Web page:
Death From Above: A New Sphere of Empire in the Name of Self-Defense
On May 21st 2016 at 6am, Mohammad Azam’s family lost one of its members and sole economic provider. Mohammad was killed in a drone strike while innocently performing his job as a taxi driver. His passenger, and the target of a CIA executed drone strike, was Afghan Taliban leader Mullah Monsour. Mohammad’s disabled brother is attempting to bring legal action against the United States for leaving four children fatherless and a family of six without an income. The drone strike took place in Pakistan and without the foreknowledge of the government, breaching Pakistan national sovereignty.
Barack Obama has embraced his executive privilege to approve target killings of suspected terrorists. He drastically increased the number of targeted killings by armed, un-manned drones in sovereign nations outside areas of active battlefields. According to International Security Data Site, more than 500 drone strikes have been authorized and implemented during Obama’s presidency in Pakistan, Somalia, and Yemen. The Bureau of Investigative Journalism has kept scrupulous records of U.S. drone strikes, their targets and casualties. They report that since 2004 only 84 (or 4%) of an estimated 2,400 people killed by CIA drone strikes in Pakistan have been named members of al-Qaeda.
According to international law and the international treaties agreed to by the United States, the use of armed drones strikes by Obama’s administration and the CIA are illegal.1 The United States defends its drone policy against Pakistan as “non-international armed conflict,” which is, in fact, not a lawful use of force. In the Report of the Special Rapporteur on extrajudicial, summary or arbitrary execution, Philip Alston states that:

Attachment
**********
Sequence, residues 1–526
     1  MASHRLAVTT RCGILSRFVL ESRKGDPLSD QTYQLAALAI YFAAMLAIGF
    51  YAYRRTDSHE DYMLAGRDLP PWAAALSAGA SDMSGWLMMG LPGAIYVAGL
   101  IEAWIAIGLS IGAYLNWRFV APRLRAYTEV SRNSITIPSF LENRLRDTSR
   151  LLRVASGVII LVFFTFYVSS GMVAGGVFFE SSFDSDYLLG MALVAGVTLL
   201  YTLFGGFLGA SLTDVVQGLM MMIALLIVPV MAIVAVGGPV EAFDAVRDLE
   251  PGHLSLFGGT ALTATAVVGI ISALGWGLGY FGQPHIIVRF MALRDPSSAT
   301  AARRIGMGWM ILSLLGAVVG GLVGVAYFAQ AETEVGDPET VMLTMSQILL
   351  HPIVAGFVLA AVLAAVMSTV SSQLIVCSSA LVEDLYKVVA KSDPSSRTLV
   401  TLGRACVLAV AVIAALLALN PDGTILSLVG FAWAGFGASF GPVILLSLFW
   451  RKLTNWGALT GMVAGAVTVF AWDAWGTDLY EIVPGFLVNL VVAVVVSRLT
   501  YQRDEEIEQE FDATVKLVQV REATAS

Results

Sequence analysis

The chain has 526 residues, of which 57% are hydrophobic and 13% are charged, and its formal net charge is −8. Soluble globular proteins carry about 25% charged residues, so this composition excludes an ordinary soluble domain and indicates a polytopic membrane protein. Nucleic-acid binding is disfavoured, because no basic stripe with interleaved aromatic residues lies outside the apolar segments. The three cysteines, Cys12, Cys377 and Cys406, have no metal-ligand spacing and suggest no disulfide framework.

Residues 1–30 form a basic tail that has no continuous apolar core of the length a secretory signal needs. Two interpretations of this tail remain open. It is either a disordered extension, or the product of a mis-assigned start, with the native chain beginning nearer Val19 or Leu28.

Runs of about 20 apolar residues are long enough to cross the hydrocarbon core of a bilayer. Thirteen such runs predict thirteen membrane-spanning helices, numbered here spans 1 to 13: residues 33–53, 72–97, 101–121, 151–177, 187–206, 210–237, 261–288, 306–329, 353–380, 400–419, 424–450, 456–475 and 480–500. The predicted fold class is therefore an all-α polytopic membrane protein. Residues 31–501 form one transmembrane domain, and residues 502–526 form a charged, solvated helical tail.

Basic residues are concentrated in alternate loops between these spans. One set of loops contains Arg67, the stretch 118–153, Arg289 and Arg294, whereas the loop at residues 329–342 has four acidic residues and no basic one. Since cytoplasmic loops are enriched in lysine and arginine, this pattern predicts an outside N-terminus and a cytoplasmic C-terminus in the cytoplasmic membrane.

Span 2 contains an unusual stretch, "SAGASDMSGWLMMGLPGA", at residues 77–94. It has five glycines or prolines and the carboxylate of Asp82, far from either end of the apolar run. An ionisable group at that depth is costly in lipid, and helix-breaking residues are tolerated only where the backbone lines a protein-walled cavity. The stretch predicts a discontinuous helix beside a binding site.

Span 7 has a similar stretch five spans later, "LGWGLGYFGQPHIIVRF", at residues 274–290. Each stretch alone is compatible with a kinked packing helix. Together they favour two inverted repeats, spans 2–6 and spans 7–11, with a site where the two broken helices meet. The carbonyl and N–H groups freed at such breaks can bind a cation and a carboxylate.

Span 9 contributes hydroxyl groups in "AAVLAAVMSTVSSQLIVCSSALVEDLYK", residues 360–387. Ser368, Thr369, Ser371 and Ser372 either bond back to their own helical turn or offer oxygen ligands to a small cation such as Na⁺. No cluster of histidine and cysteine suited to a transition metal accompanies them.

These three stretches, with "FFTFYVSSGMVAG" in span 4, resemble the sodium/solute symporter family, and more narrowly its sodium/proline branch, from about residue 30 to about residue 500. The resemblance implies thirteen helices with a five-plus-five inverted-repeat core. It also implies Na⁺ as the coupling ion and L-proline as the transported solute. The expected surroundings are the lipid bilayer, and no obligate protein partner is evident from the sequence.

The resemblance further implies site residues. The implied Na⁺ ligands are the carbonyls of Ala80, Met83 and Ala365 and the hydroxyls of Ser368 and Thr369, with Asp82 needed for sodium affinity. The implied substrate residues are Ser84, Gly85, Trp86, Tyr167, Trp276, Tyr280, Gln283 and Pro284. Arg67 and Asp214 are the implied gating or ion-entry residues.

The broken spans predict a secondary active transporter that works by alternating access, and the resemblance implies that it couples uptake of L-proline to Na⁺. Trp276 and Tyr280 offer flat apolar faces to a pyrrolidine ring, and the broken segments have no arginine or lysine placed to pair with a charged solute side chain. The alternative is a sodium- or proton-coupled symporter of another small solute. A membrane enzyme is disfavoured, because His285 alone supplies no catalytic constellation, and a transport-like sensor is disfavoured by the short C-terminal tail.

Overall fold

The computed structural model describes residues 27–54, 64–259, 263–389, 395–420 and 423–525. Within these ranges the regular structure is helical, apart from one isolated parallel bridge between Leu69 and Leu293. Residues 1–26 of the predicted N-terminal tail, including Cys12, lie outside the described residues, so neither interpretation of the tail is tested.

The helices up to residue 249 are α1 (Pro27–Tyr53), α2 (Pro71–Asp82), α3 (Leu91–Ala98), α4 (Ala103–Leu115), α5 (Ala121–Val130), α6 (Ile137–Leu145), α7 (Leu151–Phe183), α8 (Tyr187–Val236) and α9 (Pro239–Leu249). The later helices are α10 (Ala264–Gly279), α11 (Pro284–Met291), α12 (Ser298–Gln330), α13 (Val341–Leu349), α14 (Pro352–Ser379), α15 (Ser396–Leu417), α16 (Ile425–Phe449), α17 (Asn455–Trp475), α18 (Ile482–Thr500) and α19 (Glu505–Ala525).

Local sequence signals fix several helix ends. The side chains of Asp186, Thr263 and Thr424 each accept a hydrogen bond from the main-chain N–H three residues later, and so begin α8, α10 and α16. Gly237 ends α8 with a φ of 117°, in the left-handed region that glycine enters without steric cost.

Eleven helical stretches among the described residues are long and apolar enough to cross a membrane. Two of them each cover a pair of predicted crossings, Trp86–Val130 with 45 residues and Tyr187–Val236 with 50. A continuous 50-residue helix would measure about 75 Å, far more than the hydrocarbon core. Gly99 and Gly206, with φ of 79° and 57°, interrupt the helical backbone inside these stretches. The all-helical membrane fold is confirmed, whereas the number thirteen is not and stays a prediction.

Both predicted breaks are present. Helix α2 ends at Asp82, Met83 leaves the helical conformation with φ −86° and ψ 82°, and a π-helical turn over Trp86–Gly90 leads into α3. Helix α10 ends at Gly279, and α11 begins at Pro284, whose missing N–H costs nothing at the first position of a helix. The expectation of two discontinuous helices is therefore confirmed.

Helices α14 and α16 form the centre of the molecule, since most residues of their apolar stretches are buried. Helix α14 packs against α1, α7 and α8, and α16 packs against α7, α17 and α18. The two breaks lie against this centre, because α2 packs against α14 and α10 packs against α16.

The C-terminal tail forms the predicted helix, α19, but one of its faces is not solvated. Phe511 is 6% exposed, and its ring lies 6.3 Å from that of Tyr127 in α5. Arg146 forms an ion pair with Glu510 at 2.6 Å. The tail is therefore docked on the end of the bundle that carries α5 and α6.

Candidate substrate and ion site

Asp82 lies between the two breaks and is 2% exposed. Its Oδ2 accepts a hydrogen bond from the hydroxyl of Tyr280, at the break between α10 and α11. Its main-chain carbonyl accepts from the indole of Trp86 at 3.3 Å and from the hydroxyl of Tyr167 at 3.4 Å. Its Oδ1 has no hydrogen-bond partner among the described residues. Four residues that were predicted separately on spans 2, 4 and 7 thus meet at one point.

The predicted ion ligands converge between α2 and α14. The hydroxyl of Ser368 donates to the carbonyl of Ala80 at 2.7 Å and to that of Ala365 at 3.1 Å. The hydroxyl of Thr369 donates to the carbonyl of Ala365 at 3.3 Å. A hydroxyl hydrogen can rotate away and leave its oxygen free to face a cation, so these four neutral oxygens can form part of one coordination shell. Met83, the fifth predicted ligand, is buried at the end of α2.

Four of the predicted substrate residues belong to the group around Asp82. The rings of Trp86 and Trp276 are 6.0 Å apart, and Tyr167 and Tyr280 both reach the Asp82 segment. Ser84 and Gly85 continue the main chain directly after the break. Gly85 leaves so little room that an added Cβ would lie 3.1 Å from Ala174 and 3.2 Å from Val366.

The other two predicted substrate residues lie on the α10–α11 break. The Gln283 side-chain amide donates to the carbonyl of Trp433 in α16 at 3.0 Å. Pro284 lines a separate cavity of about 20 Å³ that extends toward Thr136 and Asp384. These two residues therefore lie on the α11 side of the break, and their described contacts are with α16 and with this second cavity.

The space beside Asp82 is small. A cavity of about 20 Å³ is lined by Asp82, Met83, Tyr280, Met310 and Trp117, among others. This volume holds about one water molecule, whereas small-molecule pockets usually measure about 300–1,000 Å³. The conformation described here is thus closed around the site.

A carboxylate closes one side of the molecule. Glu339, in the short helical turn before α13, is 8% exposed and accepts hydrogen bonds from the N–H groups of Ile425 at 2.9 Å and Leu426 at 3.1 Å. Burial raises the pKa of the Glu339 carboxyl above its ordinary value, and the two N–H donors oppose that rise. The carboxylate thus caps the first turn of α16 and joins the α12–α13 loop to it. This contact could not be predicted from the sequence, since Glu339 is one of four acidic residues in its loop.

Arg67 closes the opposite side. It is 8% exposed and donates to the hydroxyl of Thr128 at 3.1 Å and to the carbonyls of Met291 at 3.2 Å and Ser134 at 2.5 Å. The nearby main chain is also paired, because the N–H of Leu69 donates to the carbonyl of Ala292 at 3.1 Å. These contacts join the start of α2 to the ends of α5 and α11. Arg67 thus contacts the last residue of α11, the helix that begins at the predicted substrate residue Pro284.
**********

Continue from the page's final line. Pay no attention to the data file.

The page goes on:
“[a] targeted killing conducted by one State in the territory of a second State does not violate the second State’s sovereignty if either (a) the second State consents or (b) the first, targeting State has a right under international law to use force in self-defence under Article 51 of the UN Charter.”
Al-Qaeda and its affiliated groups do not constitute an organized armed group engaged in intense fighting as outlined in the Geneva Conventions. Neither is the use of drones legal in the sense of eliminating an imminent and continuous threat. Those killed by U.S. drones are killed so pre-emptively, and under the assertion that leaders of these terrorist organizations are actively planning future attacks on United States citizens or property. This does not constitute a proportionate and necessary response to an imminent threat.2 How exactly did the United States find itself in such an illegal and unjust assault on the Middle East?
The world changed forever following the terrorist attacks of September 11th, 2001. What truly sealed the fate of the Middle East was the Authorization for Use of Military Force Against Terrorists (AUMF). Section 2 of the Authorization gave the President broad power to wage war against any persons or any nation remotely involved in the attacks of 9/11:
“(a) IN GENERAL- That the President is authorized to use all necessary and appropriate force against those nations, organizations, or persons he determines planned, authorized, committed, or aided the terrorist attacks that occurred on September 11, 2001, or harbored such organizations or persons, in order to prevent any future acts of international terrorism against the United States by such nations, organizations or persons.”